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LIVE BLOG: Four injured in SR 99 tunnel project after wall collapse, 25-foot fall

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SEATTLE — Emergency crews were called to the northern part of the SR 99 tunnel project Thursday after four people were injured in an accident at the construction site.

The men were hurt on the project around 1:30 p.m. in the 300 block of Aurora Avenue North when a portion of an elevator wall they were standing on collapsed, sending them 25 feet to the ground, Seattle Fire Spokesperson Kyle Moore said.

Three of the injured workers crawled their way out of the pit, Moore said. Another required rescue from the Seattle Fire Department, and he was carried out on a gurney. He was transported to Harborview Medical Center.

The three other workers that managed to crawl their way out were also transported to Harborview, but only suffered minor injuries. All four of the patients were men, ages 23, 29, 31 and 36.

The patients were all listed in satisfactory condition suffering injuries to the arm, back and neck, according to Harborview Medical Center spokesperson Susan Gregg.

Firefighters said the rescue took quite some time, as emergency workers said the walk to the accident scene was a quarter-mile long. Moore called the fall “significant.”

It was unknown if the wall's collapse would cause a long delay in construction of the SR 99 tunnel, or potentially affect the ground around the site. The Washington State Department of Transportation released this statement following the injuries:

"We are still gathering information, but Seattle Tunnel Partners has informed us that an incident has occurred on the SR 99 Tunnel Project job site in the north portal area. Safety is STP's and WSDOT's number one priority. Right now, their field crews are focusing on making sure the site is secured. Emergency services were notified immediately and arrived at the site after the incident.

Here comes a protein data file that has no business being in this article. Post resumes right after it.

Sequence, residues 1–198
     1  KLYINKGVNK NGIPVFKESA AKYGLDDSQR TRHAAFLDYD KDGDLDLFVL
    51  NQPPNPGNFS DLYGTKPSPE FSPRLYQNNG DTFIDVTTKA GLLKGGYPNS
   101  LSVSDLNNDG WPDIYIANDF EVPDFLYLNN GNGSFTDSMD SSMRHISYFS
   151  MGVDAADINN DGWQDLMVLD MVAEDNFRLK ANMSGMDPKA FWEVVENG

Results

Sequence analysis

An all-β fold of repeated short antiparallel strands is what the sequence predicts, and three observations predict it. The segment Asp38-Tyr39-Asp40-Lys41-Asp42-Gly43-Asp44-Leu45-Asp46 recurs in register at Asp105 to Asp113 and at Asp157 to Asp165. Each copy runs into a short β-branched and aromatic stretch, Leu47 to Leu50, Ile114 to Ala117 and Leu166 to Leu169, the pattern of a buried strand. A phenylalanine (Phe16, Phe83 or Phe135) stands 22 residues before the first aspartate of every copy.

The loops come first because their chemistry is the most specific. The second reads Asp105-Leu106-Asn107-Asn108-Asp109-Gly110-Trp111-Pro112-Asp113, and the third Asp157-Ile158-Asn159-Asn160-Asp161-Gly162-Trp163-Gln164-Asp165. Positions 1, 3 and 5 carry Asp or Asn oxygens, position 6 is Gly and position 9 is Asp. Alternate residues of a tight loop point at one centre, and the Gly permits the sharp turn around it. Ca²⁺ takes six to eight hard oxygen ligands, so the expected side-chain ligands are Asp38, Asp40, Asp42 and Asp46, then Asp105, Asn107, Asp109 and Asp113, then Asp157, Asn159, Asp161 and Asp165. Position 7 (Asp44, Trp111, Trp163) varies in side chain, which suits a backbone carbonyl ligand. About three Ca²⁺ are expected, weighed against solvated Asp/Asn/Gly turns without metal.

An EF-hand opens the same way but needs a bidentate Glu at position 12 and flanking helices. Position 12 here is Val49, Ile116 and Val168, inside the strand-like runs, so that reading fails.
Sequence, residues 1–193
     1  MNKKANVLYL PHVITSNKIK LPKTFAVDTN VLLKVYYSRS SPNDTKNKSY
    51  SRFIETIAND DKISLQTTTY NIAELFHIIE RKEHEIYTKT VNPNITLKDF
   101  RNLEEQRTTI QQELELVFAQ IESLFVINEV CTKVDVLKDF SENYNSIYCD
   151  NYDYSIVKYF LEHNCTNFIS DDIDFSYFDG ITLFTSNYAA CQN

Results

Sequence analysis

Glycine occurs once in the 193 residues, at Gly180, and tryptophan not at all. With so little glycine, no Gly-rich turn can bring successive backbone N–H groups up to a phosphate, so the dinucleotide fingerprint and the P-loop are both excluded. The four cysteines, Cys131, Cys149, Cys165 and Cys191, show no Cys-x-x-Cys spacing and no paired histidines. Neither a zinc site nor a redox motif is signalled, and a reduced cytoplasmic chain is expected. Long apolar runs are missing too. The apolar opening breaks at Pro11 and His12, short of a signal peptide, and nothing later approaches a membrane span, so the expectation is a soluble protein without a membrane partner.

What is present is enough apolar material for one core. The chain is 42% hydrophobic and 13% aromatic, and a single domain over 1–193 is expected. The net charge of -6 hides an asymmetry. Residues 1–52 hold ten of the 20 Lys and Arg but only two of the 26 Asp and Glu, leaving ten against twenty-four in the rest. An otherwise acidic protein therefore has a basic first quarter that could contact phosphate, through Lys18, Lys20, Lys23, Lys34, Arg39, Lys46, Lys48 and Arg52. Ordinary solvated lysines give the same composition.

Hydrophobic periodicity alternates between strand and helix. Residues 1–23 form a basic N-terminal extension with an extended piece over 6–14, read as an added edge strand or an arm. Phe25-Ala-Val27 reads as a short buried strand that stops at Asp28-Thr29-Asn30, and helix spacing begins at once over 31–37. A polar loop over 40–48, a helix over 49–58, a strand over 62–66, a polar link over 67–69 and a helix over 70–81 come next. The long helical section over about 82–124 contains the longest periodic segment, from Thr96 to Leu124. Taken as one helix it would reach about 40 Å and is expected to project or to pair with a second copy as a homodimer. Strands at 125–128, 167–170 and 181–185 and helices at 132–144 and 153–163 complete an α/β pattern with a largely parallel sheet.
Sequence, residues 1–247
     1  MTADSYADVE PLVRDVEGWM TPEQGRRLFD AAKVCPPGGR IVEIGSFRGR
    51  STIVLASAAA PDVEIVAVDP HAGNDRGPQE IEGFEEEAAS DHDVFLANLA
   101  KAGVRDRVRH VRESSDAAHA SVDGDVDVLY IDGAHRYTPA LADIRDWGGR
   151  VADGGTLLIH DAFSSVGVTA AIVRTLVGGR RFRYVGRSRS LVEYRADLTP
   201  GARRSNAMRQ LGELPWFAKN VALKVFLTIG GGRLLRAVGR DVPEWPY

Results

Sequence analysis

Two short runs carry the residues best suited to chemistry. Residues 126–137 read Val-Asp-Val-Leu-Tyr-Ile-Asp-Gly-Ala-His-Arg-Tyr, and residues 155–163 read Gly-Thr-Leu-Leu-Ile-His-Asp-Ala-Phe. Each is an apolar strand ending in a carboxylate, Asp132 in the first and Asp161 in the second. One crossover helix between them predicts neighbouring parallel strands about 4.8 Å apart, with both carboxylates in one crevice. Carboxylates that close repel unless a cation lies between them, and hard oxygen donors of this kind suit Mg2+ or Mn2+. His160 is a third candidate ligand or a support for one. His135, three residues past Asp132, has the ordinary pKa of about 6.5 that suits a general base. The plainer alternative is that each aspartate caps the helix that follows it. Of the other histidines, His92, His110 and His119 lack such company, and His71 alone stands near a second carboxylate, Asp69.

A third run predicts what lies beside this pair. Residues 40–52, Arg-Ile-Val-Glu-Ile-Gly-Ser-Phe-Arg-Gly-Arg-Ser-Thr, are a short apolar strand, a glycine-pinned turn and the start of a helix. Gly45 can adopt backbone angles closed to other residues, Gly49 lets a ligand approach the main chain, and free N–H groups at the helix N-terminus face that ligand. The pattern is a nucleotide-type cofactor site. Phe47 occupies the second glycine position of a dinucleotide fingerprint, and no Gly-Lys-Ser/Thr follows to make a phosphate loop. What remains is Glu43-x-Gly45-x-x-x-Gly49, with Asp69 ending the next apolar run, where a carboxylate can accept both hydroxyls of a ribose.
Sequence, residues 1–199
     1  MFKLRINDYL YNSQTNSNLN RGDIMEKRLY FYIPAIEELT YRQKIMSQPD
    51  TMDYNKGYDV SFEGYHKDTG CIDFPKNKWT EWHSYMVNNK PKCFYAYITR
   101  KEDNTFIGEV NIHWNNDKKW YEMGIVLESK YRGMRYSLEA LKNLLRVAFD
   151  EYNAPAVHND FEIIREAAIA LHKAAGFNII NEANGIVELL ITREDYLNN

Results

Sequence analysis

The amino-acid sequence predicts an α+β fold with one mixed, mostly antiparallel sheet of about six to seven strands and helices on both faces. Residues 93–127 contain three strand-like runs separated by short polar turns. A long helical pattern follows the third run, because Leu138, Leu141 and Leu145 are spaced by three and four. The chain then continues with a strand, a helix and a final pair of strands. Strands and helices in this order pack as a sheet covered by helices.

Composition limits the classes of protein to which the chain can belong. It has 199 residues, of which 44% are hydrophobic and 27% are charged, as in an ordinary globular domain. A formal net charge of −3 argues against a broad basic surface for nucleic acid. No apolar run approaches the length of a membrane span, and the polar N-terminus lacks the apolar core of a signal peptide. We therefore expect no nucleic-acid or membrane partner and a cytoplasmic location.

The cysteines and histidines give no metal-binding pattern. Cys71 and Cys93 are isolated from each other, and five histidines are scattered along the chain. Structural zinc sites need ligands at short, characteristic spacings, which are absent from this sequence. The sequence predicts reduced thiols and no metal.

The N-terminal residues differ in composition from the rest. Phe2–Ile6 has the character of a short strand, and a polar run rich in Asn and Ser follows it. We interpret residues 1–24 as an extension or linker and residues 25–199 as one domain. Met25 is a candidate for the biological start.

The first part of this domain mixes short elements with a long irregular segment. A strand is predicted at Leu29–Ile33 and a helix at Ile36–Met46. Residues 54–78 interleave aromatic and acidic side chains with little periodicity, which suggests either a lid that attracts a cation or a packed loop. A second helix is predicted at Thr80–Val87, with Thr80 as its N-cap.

We will provide additional information as it becomes available."

For months the world’s largest tunnel-boring machine has been damaged and sitting idle underneath Seattle. Setbacks have plagued the multibillion-dollar project.

In January, contractors completed a 120-foot deep access pit to reach the damaged machine.

Once contractors reach Bertha, they will replace the machine’s damaged cutter head and try to get it digging again.

Stay with Q13 FOX for updates on this breaking news.

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  • John Doe

    When will the news care enough to report on what really happened in stories? I’ll never understand.
    First off- they were tying a rebar wall, tied off to it just like is their protocol (tie off at 4feet and above). It broke away from the wood wall it was secured to, and 4 guys who were properly tied off came falling down with all the rebar. They were not more than 10-15 feet off the deck. Nowhere, no HOW were they ever anywhere CLOSE to 25feet so please stop telling that.
    3 walked out on their own. The 4th guy, fell possibly breaking his arm, and maybe even a couple ribs. His co-workers stabilized him, waiting for Seattle fire. When they arrived carrying a backboard, the workers were unable to use the stokes basket. Seattle fire were very confused on how to organize the scene, so the CO-WORKERS carried the injured man out of the site, while Seattle fire escorted. There was no special rescue involved, no special “equipment”. And the firemen did not “carry” anything except their own jump kits.

  • anonymous

    Surely we can all agree that we should be hoping that any of the people injured will recover quickly.

    Unfortunately, such an incident does not exactly fill one with confidence…

    What steps are being taken to prevent this from happening in the future?

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